Story Reposted from USTA Southern California

The USTA Southern California Section is mourning the loss of longtime executive board member Nam Jack of San Marino, who passed away on September 7th at the age of 64. 

“Nam’s passion and dedication to all things Southern California Tennis was immeasurable,” USTA SoCal Board President Bob Hochstadter said. “She was a friend, confidant and advisor and I will be forever appreciative. She was a fierce advocate for the underserved community, and I feel I can safely say very happy with the programs, projects and events that we were working on. Nam was a little dynamo who lived large and gave so much to everyone she touched. She will be greatly missed.”USTA SoCal Executive Director Trevor Kronemann shared his own words on Jack’s passing. She has been a leader in our organization for so long and has been a force in growing the game of tennis in Southern California having played a pivotal role in many areas including the Board, Junior Competition, Executive Board and Secretary,” Kronemann said. “She will be greatly missed and irreplaceable in so many ways.”

A 1980 graduate of Brown University, Jack enjoyed following the Ivy League school’s tennis teams and was so proud daughter Devon Jack’s accomplishment as she played for Brown, graduating in 2020. “Nam’s unwavering support, enthusiasm, love, belief and encouragement made a lasting impact on the culture of our program,” said Brown Head Coach, Lucie Schmidhauser. “Nam’s larger than life spirit will live on forever. We hold Devon and her family in our thoughts and prayers.”

Jack’s role as Executive Board Member for USTA Southern California impacted countless programs and lives. A few of the many staff and board members who worked closely with Jack shared the following words:

“This is devastating news, what a loss for her family and all of us,” said Linda Milan, the Executive Director of the Southern California Tennis Association Foundation. 

“No words.  I am just so sad.  I so admired Nam’s intelligence, commitment and wicked sense of humor. Such a loss for her family and for us all.” – Cynthia Neiman 

“She was an amazing woman. Nam gave so much to us, I feel so fortunate to have had an opportunity to work with her on so many projects. No matter how she was feeling, always in the fight for right.” – Nancy Abrams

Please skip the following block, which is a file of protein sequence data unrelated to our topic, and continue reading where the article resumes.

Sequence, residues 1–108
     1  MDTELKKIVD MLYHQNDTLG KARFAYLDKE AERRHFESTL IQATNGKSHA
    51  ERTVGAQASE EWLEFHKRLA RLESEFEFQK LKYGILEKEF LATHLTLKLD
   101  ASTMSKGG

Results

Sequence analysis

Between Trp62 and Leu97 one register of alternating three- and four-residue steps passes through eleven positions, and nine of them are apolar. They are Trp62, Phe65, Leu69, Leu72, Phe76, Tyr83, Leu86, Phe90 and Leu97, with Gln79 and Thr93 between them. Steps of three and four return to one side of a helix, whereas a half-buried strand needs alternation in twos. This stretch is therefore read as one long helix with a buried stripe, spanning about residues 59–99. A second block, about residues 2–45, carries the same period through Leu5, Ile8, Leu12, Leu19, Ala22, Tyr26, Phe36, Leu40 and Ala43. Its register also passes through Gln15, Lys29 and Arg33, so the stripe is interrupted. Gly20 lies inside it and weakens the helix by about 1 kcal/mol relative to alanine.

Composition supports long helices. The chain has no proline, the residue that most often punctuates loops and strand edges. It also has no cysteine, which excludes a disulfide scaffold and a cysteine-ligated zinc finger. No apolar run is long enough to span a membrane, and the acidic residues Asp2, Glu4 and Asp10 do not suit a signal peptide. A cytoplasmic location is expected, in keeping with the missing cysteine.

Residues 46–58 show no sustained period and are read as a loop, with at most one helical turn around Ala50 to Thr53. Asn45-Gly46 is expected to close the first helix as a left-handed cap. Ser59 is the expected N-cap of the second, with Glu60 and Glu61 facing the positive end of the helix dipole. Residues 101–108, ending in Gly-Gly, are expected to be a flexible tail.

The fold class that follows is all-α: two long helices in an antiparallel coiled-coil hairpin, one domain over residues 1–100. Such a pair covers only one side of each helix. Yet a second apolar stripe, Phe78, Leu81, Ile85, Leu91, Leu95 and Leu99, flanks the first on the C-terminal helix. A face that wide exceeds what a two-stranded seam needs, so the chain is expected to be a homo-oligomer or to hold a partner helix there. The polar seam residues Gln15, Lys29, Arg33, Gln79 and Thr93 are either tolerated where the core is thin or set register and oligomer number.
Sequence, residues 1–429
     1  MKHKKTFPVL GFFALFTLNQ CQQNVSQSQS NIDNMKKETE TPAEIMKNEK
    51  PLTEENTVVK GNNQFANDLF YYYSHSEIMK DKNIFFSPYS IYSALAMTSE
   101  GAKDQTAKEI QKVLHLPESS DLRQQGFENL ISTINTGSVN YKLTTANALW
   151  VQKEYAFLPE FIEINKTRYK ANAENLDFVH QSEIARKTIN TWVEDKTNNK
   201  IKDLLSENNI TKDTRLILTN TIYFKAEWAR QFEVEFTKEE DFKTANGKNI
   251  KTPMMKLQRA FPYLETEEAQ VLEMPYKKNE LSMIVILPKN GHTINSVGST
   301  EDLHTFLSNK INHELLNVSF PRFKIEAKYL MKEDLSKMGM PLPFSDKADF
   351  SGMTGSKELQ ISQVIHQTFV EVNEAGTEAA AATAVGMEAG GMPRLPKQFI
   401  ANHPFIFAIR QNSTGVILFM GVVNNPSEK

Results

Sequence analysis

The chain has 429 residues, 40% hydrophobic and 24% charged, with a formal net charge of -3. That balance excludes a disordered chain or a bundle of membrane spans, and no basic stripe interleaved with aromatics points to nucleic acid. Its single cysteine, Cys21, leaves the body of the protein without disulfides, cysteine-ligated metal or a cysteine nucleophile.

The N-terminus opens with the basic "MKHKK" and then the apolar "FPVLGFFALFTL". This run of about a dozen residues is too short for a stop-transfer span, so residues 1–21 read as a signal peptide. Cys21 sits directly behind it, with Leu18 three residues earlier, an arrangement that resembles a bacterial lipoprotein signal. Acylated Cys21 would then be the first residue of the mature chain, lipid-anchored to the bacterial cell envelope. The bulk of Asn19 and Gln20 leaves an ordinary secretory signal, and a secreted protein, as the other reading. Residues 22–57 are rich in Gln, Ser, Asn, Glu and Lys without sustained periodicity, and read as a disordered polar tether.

“I am so sad to hear this news! Nam has left her imprint on the San Gabriel Valley and throughout Southern California. She will be truly missed.” – Esther Hendershott 

 “Unbelievably sad news. She was so fierce and was really there for me and a lot of us during some tough times. She will be greatly missed.” – Ai Takamori 

Jack will be remembered for her limitless energy, steadfast belief in fighting for what is right, passion for tennis and education, and for her immeasurable contributions to the section. She will be deeply missed.

Excerpt highlights from her obituary follow:

Nam was born in Seoul, Korea and her father Sun Yup Paik was the first four-star general in the history of South Korea, best known for his service during the Korean War. Growing up, she lived in Taipei, Paris, Ottawa, and Seoul as her father served as the South Korean ambassador to Taiwan, France, the Netherlands, Belgium, Spain, Portugal, Luxembourg, several African countries, and Canada. 

Eventually, the family returned to South Korea where her father served as the Minister of Transportation (and, among other things, started the Seoul subway system). She graduated from the Seoul Foreign School in 1976, and attended Brown University, where she received a B.A. in History in 1980. She then attended Washington University School of Law in St. Louis, Missouri, receiving a J.D. in 1983.

After graduation from law school, Nam moved to Los Angeles, and worked as a commercial litigation attorney for over 10 years, including at Morgan, Lewis & Bockius LLP. She ultimately settled in San Marino, California, where she lived for over 25 years. She was a devoted sports fan, especially tennis and cross-country running, and spent many years cheering on her children around the country as they competed in their respective sports.

After the practice of law, Nam directed her attention to educational, community, and non-profit service activities, including as a Board member and other executive roles for the Southern California Tennis Association, Brown University Sports Foundation Parents Leadership Council, San Marino National Little League, National Charity League of San Marino, Crowell Library Foundation, Lacy Park Tennis Foundation.

Nam is survived by her husband, J. Michael Jack, son Andrew Jack and daughter Devon Jack, mother In Suk Ro, sister Namhi Park and brother-in-law Don, brother Nam Hyuk Paik and sister-in-law SamSung, brother Nam Hung Paik and sister-in-law Lelaine, nephews Ken Park, Christopher Paik, Nicholas Paik, Kyung Ho Paik, and Sung Ho Paik, and niece Michelle Leicht. She was predeceased by her father, Sun Yup Paik.

In lieu of flowers, donations in Nam’s memory may be made to The Pasadena Guild of Children’s Hospital of Los Angeles, Post Office Box 51101, Pasadena, CA 91105. 

Story Reposted: With gratitude from USTA So Cal

About the Southern California Tennis Association Foundation:

We are a 501c3 nonprofit organization and is the charitable arm of USTA Southern California.  The Foundation’s mission is to “Change lives and build communities through tennis.” Since 2020, the SCTA Foundation has had a community impact of giving over $1million in tennis grants and tennis scholarships to deserving youth, adults, tennis organizations, tennis facilities and tennis programs to make tennis an equal opportunity sport, accessible to all, regardless of age, ability, ethnicity, or economic background. Visit us on Social Media on Instagram and Facebook. To learn more about the SCTA Foundation go to:  To donate go to: or